B. Franklin

P.S. I suppose A.B. will answer for himself.

We whose Names are hereunto subscribed, do certify, That we were present at the Time and Place above-mentioned, when Dr. Jones and J---n R-------n related their Proceedings with Daniel R--s; and we do very well remember, that they were not countenanc’d or encourag’d by any Person present, but the contrary. And that Benjamin Franklin in particular did speak against it, and did neither approve of what had been already done (as related by the Doctor and R---------n) nor desire to be present at what was propos’d to be farther done with the said Daniel R--s, as is falsly insinuated in Mr. Bradford’s last Mercury. And this we declare sincerely and freely, without any other Motive than the Desire of doing Justice to the Reputation of the said Benjamin Franklin. Witness our Hands, this 15th Day of February, 1737, 8.

John Danby,
Harmanus Alrihs

The above-named John Danby being sworn upon the Holy Evangelists, and Harmanus Alrihs being duly affirmed, on their respective Qualifications did declare, that the Contents of the above Certificate were true.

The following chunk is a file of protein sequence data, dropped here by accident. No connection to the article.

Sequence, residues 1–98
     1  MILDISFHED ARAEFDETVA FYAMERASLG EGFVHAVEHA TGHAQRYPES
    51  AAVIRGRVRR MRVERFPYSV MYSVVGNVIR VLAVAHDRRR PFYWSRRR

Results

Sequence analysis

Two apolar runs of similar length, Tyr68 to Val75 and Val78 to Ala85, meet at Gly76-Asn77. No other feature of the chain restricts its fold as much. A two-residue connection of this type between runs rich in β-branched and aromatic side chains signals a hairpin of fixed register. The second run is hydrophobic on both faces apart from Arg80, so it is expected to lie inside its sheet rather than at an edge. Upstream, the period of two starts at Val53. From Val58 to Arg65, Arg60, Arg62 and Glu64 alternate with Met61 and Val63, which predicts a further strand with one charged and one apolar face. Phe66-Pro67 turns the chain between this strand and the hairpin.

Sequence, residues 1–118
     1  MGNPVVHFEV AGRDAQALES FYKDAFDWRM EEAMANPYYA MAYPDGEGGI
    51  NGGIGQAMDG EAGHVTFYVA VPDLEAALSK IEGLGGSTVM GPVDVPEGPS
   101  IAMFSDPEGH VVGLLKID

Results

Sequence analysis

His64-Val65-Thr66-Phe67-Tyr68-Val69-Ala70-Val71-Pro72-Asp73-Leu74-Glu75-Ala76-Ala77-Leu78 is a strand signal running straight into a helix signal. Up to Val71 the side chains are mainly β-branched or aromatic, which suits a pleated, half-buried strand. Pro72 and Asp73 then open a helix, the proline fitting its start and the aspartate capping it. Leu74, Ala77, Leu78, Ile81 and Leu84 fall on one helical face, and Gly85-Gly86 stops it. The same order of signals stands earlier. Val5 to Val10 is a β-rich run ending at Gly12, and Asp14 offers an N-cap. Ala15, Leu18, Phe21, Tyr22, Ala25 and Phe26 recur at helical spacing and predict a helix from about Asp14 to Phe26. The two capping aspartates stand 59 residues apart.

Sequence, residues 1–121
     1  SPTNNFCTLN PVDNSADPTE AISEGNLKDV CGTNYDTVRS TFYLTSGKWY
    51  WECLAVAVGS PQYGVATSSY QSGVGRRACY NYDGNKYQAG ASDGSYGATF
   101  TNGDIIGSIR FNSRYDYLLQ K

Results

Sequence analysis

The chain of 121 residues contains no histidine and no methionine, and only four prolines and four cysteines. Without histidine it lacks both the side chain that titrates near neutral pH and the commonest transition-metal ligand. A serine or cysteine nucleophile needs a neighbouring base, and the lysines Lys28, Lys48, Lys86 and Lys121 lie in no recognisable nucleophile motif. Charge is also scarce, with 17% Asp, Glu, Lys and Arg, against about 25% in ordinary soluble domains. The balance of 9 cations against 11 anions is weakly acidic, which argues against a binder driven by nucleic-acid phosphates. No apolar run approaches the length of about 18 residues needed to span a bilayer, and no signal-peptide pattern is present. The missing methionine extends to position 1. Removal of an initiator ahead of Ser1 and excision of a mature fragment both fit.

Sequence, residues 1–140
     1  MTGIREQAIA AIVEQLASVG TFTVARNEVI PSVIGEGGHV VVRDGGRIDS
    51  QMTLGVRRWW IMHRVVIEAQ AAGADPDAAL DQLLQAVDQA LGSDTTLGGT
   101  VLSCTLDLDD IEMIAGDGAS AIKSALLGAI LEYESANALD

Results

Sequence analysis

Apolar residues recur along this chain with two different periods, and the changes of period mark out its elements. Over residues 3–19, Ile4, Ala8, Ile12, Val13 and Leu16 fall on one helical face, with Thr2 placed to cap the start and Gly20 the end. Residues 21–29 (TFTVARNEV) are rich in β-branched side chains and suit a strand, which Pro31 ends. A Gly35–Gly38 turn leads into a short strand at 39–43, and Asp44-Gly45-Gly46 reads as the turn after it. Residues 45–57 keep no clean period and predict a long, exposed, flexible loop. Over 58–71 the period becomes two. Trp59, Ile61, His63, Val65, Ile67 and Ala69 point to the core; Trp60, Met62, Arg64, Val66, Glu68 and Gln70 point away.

Sworn and affirm’d Before me, this 15th of February, 1737, 8.3

William Allen

1Remington’s plea to the Council for pardon, with the terms of the Council’s action, is in Pa. Col. Recs., IV, 276–7.

2The episode is related, with the full text of all the newspaper articles referred to in this headnote, in Julius F. Sachse, Benjamin Franklin as a Free Mason (Phila., 1906), pp. 49–71.

3The unhappy affair did not end here. “C.D.” printed a strong rejoinder in the Mercury, Feb. 21, repeating his statements about BF’s behavior and answering BF’s defense. Far from hastening after Rees to warn him, “C.D.” continued, BF did not stir from the room for half an hour; he expressed the opinion that BF’s reading the blasphemous oath in company, though with expressions of detestation, smacked more of hypocrisy than of sincerity; and he reminded his readers that it would have been a greater kindness to the boy and his father to inform them or the magistrates before the tragedy, than afterward, how young Rees was to be used and abused. BF made no further public defense. Reports of the affair, however, were reprinted in the New York and Boston newspapers, where BF’s parents saw them. They expressed deep concern about his conduct, which BF tried to relieve, April 13.